Maria Kapajeva, What Kind of Fame you Have, 2016

Maria: Mine was done in seven days as part of the International Summer School of Photography in Latvia, where I did a workshop with an American photographer, Jim Goldberg. During the workshop we had to go out and find some materials to start a project. So, on my first day I talked to a few people in Latvia and what got my attention was a story of suiti community in Latvia. The suiti women are famous for their drone singing. It’s part of their heritage which is protected by UNESCO. Part of what they sing is actually ‘gossips’, which only women are allowed to sing, because it is considered to be ‘too low’ for men. That fact straightaway grabbed my attention and I thought, okay, I want to know more about that. Somehow I quickly managed to meet these women and talk to them for a better understanding of their traditions. Inspired by their improvisational singing, I created a video where I brought four of these suiti women face-to-face with four, as I would say, ‘modern' women. But the irony is that they are both modern. Even as suiti women dressed up in the traditional costumes, they are still teachers, hairdressers or as the other women. Their costumes make them to be somebody else, they become messengers of something else. The video was a total experiment. The women did not see each other before, although the suiti women knew that I was going to bring them four other women to sing about. With the gossips drone signing, they have about a hundred thousand phrases or expressions to improvise with. It is common that they sing about each other or other people on some special events. So, for the video, I faced two groups to each other and recorded all set up with a few cameras in the middle. As I wanted to record the reaction of ‘modern’ women, I had to find some Latvians, so they could understand. I didn’t know if it was going to work or not and what was going to come out of it.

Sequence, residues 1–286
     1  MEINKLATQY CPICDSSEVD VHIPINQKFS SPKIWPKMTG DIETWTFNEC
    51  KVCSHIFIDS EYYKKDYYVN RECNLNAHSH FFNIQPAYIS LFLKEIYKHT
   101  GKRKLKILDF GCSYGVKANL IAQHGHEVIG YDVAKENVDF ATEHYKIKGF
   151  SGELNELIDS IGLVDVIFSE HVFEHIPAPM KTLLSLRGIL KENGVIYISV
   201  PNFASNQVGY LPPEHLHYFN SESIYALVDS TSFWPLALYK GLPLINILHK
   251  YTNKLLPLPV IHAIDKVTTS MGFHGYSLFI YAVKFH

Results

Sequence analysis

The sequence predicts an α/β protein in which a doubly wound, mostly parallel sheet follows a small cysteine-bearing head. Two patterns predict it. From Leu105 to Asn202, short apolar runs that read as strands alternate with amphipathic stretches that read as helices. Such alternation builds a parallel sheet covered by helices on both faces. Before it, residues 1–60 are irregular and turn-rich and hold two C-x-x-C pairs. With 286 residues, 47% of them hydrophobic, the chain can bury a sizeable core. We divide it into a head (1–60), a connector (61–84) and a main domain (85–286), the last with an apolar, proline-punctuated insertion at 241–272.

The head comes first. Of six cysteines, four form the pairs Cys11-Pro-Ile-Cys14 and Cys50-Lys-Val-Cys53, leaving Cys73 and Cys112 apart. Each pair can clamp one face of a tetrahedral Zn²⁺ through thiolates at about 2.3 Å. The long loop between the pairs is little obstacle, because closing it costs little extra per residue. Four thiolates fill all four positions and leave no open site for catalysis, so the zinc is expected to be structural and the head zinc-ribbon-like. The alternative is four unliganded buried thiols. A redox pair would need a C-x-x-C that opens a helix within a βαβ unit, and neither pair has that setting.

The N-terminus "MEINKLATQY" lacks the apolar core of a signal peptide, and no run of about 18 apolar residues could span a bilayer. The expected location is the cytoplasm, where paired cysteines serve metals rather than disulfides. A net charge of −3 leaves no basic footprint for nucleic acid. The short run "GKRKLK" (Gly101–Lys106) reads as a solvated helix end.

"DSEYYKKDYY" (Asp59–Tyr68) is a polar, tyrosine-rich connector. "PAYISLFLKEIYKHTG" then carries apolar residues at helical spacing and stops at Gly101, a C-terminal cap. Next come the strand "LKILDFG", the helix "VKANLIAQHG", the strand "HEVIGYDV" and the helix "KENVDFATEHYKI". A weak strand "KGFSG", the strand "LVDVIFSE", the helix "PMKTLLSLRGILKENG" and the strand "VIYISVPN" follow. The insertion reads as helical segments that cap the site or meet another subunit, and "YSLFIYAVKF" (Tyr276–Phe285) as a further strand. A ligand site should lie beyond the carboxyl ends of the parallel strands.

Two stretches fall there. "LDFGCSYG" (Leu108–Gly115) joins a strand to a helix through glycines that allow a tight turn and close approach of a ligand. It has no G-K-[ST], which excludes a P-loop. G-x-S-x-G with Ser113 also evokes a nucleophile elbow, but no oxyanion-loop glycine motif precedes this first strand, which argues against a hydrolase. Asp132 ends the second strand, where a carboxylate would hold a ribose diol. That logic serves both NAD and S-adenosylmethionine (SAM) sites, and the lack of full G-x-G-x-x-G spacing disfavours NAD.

RRS:   It seems like, in both works, there is a passing of practices or traditions from an older generation to a younger generation and that transition can seem quite politically charged in a way. Would you agree with that?